At the post-baccalaureate advanced level, the School Counseling Program Advisory Council (SCPAC) reviewed and made suggestions to field evaluation forms and designed and approved the candidate field site evaluation form, which was implemented in 2009. They also designed a field activity check-list of discussion topics to guide field supervisors and candidates in meeting field experience and internship requirements.

The roles of the unit’s partners are outlined in the purpose, goals, and objectives of internal and external advisory councils.

3a.2. In what ways have the unit’s partners contributed to the design, delivery, and evaluation of the unit’s field and clinical experiences? 

Unit partners have contributed to the design of field and clinical experiences. Cooperating teachers’ responses on the Field-Based Experience Assessment Survey prompted discussions between cooperating teachers and the Director of Field Experiences regarding the length of the student teaching experience. These discussions resulted in extension of student teaching placements from 15 to 16 weeks. Also, revision of the Student Teaching Evaluation instrument resulted from collaboration with cooperating teachers.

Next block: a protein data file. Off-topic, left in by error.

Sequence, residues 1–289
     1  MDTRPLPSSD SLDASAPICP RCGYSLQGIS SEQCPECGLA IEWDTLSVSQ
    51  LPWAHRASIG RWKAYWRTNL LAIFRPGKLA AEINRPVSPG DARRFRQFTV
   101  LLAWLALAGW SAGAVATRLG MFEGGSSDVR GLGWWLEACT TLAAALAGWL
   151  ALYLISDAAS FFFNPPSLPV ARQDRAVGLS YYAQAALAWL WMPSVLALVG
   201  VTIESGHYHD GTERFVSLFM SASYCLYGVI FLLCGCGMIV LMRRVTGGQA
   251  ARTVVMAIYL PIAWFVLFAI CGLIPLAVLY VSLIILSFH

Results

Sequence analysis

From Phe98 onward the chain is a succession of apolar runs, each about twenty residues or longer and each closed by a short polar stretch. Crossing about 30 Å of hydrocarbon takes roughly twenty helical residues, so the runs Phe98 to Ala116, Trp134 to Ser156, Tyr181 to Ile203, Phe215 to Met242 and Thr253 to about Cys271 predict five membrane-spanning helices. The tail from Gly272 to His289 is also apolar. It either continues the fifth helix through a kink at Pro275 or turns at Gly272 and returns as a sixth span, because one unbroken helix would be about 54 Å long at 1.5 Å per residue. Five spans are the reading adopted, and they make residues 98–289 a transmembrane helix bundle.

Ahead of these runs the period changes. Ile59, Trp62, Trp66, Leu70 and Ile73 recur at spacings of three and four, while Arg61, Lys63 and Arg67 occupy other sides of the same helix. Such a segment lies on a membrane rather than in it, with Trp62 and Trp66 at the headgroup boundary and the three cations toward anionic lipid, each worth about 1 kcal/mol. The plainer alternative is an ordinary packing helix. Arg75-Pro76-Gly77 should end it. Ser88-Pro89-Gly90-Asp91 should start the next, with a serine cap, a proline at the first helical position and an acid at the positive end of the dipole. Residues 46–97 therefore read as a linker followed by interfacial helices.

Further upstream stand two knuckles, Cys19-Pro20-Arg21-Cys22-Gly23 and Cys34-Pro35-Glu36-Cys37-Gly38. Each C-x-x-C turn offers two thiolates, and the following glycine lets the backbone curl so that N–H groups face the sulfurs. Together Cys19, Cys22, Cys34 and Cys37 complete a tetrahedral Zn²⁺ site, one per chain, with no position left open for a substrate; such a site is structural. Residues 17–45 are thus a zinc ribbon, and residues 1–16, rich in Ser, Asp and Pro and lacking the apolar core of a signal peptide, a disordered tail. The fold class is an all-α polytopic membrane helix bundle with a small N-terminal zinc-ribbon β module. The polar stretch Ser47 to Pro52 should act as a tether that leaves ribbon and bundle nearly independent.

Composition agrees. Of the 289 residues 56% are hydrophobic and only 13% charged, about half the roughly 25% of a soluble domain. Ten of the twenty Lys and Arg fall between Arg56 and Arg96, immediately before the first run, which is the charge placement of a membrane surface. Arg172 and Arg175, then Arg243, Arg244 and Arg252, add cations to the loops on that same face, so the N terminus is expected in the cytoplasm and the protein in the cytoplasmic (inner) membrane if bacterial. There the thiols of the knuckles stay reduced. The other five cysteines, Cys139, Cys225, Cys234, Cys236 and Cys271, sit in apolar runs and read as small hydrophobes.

As a result of consultation with clinical faculty, student teaching seminar topics have been added, such as, teaching high ability gifted and talented children, legal issues affecting teachers, curriculum mapping, instructional and assessment interventions for English language learners, and contemporary issues in special education regulations.

Unit partners have contributed to the delivery of field and clinical experiences. Cooperating teachers provide guidance and direction to candidates on a daily basis and assist candidates in developing formal lessons which university supervisors evaluate as part of the Candidate Field Assessment Process (CFAP).

Secondary education faculty, including members of TEC, supervise candidates in art and EDUC 211 field placementsEDUC 211 is a course designed to provide candidates who change majors with practica experiences in their newly selected majors.